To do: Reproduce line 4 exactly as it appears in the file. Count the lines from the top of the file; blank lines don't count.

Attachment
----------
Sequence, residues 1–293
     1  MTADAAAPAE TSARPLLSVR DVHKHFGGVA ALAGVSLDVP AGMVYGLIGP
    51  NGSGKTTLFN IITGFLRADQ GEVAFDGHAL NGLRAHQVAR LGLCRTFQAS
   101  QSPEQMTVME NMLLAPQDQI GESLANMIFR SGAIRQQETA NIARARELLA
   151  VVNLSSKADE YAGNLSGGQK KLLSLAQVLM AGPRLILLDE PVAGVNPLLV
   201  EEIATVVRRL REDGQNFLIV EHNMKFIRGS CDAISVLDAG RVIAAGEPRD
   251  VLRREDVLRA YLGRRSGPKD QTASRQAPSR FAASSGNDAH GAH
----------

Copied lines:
   101  QSPEQMTVME NMLLAPQDQI GESLANMIFR SGAIRQQETA NIARARELLA